Knee and hip replacements are on the rise.  In my family and circle of friends there have been many who have received one or both of these surgeries.  I can say with certainty that they suffered with the pain and debility for quite some time, some of them years.  It takes a leap of faith to make the decision to have the surgery performed.  Then why is Centers for Medicare & Medicaid Services (CMS) denying payment for the inpatient admission and stay?  It cannot be because the patient did not medically need the surgery.  Certainly they have suffered.  But the procedure code is coming back as denied because it was deemed not medically necessary and reasonable.  The answer, of course, is lack of documentation.

The inpatient payment is being denied based on the lack of documentation by the provider supporting the signs and symptoms experienced by the patient.  The following criterion for a total knee replacement procedure supports medical necessity:

  • Documentation of pain at the knee, including the level of pain and worsening of pain
  • Pain that is increased with activity
  • Pain that is increased with weight bearing
  • Pain that interferes with activities of daily living
  • Pain with passive range of motion
  • Limited range of motion
  • Crepitus
  • Joint effusion/swelling

In addition there should be x-rays with at least two of the following findings:

  • Subchondral cysts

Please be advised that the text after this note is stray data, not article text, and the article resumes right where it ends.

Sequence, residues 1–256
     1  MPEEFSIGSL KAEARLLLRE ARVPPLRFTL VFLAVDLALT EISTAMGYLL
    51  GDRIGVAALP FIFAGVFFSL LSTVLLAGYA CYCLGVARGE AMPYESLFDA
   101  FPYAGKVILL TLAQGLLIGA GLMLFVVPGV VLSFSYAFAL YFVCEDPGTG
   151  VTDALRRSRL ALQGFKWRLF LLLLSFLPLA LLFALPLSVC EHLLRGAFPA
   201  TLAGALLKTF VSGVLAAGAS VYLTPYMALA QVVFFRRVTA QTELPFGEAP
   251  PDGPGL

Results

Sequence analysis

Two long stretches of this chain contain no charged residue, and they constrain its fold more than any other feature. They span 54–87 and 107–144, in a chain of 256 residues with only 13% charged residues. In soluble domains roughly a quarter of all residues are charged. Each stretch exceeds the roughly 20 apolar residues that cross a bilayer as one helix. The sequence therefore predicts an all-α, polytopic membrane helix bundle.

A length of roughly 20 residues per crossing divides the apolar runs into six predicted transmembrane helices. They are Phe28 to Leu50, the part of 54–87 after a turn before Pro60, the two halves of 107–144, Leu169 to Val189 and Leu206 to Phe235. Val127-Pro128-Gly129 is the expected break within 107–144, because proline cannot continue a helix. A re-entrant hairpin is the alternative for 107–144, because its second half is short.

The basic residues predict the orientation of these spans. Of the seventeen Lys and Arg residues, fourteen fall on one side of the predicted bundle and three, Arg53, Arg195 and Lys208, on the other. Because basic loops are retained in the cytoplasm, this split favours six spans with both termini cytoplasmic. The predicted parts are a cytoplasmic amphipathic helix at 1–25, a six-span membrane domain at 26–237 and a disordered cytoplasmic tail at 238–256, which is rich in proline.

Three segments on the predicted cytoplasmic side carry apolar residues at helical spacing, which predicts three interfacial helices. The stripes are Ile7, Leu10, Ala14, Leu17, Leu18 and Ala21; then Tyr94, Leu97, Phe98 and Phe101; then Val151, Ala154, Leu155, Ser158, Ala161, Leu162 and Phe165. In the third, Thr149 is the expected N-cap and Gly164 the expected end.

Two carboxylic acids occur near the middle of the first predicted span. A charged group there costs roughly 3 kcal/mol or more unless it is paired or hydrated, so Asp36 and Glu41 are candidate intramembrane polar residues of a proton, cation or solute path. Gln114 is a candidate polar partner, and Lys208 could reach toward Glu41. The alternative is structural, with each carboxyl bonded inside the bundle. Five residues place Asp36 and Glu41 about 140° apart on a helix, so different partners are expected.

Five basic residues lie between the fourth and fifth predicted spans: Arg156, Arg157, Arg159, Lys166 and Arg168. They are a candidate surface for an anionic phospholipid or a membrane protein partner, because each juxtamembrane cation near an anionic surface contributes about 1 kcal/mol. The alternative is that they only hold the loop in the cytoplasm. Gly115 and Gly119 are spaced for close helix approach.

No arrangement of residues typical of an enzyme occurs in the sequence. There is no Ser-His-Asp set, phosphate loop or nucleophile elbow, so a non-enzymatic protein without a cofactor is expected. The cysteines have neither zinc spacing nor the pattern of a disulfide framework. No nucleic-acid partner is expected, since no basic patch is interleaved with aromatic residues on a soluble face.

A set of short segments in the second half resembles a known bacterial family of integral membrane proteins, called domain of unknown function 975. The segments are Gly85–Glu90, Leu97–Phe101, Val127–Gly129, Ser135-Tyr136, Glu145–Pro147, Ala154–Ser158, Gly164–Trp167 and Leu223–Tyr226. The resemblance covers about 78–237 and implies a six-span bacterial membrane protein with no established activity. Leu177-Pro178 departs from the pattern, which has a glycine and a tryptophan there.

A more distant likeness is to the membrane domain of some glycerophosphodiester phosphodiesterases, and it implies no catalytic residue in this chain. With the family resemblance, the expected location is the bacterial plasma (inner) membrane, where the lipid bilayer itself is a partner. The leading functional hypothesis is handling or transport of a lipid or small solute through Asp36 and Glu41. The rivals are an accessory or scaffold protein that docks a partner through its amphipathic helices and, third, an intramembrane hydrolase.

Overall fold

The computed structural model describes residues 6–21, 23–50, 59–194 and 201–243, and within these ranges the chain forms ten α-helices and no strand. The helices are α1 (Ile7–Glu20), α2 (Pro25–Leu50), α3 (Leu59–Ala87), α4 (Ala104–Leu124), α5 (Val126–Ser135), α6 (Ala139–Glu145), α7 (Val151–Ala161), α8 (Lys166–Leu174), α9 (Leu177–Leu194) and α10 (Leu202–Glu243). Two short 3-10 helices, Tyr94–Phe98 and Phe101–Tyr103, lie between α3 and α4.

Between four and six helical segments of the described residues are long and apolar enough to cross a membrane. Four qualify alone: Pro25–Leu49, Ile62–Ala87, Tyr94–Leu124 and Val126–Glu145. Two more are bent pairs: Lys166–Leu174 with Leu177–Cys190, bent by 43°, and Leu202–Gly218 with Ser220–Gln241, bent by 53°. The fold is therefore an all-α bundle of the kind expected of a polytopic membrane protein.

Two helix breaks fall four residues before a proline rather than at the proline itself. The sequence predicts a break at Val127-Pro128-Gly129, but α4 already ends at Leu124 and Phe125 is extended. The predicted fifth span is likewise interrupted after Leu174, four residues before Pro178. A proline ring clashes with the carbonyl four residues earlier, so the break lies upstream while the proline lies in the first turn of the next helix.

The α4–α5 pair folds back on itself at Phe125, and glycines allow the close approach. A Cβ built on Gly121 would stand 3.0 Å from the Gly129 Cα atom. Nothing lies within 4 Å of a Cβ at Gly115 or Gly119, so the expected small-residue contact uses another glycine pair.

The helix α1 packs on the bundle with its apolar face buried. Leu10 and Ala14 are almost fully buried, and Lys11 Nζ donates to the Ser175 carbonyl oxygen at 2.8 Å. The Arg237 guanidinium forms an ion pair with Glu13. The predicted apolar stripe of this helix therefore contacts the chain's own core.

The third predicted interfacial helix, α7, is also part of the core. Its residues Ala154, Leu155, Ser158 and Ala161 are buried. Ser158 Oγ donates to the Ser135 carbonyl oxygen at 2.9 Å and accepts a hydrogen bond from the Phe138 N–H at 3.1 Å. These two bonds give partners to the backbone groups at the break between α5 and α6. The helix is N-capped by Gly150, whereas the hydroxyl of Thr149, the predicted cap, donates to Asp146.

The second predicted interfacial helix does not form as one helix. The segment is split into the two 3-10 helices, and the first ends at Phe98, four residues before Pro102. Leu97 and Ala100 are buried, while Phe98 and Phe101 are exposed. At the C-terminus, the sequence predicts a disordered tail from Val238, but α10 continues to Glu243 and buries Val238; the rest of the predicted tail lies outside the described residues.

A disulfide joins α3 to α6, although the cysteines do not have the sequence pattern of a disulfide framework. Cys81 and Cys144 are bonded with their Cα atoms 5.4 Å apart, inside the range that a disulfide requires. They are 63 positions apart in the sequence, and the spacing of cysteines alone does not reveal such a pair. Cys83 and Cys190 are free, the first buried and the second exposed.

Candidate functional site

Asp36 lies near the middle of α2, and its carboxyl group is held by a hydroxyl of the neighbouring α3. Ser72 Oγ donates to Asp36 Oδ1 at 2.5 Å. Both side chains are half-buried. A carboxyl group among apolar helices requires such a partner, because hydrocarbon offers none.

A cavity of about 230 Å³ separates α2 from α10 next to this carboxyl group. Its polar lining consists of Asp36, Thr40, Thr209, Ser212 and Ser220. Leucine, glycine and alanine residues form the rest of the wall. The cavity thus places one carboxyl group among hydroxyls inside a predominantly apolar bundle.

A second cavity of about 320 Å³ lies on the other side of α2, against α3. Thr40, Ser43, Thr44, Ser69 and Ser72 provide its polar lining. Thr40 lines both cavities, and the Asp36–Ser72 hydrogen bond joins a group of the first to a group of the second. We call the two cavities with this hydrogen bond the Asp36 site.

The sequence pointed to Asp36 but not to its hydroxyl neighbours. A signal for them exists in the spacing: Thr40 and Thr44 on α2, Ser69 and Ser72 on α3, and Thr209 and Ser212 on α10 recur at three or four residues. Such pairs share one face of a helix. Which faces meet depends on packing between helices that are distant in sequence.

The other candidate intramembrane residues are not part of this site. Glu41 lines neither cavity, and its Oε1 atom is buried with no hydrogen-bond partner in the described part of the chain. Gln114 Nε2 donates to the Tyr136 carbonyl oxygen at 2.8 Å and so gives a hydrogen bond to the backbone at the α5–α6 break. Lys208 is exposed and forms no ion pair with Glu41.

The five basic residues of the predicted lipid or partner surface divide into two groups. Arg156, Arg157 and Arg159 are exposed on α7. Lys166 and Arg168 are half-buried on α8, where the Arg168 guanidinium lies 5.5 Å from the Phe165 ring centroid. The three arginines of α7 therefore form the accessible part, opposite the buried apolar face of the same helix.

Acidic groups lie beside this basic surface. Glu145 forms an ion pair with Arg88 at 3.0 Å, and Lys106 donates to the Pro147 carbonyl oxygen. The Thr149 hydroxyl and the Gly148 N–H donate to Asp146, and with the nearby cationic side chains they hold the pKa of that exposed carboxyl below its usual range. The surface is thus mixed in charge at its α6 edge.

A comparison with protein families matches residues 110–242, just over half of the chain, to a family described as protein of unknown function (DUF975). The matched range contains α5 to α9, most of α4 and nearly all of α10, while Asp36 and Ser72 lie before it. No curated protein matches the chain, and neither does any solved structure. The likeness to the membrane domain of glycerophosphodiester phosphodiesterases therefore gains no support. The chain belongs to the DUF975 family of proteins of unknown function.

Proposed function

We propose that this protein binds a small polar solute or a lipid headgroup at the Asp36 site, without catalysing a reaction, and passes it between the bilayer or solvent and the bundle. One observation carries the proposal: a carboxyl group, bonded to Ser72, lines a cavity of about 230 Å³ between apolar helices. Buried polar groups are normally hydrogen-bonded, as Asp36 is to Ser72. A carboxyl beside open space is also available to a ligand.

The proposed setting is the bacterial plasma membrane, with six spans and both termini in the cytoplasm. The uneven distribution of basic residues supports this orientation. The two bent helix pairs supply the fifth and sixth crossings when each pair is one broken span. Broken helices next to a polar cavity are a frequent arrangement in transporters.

• Subchondral scierosis
  • Periarticular osteophytes
  • Joint subluxation
  • Joint space narrowing

The documentation for knee and hip replacement must also include the attempt of medications or the contraindication of medication due to the patents’s inability to tolerate it.  There must also be an attempt of physical therapy or external joint support (cane or walker) greater than or equal to 12 weeks or documentation as to why the patient could not tolerate physical therapy.  The criteria for x-rays for knee replacement and hip replacement are the same.

The following criterion for a total hip replacement procedure supports medical necessary.

  • Pain at hip
  • Pain increased with activity
  • Pain increased with weight bearing
  • Pain that interferes with activities of daily living
  • Pain with passive range of motion
  • Limited range of motion
  • Antalgic gait

The auditing of these procedures does not stop at the hospital level.  Documentation must be provided by the physician office.  This includes all progress notes that support medical necessity.

CMS is recouping overpayments due to the lack of documentation.  This brings clarity to the statement, “If it wasn’t documented, it didn’t happen.”